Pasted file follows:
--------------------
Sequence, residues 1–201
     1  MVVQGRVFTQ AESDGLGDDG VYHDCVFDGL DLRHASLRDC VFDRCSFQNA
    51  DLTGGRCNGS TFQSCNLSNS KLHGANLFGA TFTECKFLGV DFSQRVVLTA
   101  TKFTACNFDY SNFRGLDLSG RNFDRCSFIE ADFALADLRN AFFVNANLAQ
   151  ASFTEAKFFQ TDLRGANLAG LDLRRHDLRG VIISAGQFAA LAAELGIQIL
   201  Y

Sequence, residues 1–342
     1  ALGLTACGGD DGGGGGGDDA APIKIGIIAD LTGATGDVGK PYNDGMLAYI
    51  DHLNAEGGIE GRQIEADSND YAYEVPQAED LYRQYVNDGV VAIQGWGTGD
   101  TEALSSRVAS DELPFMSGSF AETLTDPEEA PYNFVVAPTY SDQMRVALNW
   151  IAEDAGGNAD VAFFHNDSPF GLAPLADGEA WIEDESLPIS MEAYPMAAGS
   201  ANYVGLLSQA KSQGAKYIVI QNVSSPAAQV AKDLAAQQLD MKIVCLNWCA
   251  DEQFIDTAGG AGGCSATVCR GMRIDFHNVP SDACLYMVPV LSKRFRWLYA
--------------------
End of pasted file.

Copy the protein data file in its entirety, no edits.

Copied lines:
Sequence, residues 1–201
     1  MVVQGRVFTQ AESDGLGDDG VYHDCVFDGL DLRHASLRDC VFDRCSFQNA
    51  DLTGGRCNGS TFQSCNLSNS KLHGANLFGA TFTECKFLGV DFSQRVVLTA
   101  TKFTACNFDY SNFRGLDLSG RNFDRCSFIE ADFALADLRN AFFVNANLAQ
   151  ASFTEAKFFQ TDLRGANLAG LDLRRHDLRG VIISAGQFAA LAAELGIQIL
   201  Y

Sequence, residues 1–342
     1  ALGLTACGGD DGGGGGGDDA APIKIGIIAD LTGATGDVGK PYNDGMLAYI
    51  DHLNAEGGIE GRQIEADSND YAYEVPQAED LYRQYVNDGV VAIQGWGTGD
   101  TEALSSRVAS DELPFMSGSF AETLTDPEEA PYNFVVAPTY SDQMRVALNW
   151  IAEDAGGNAD VAFFHNDSPF GLAPLADGEA WIEDESLPIS MEAYPMAAGS
   201  ANYVGLLSQA KSQGAKYIVI QNVSSPAAQV AKDLAAQQLD MKIVCLNWCA
   251  DEQFIDTAGG AGGCSATVCR GMRIDFHNVP SDACLYMVPV LSKRFRWLYA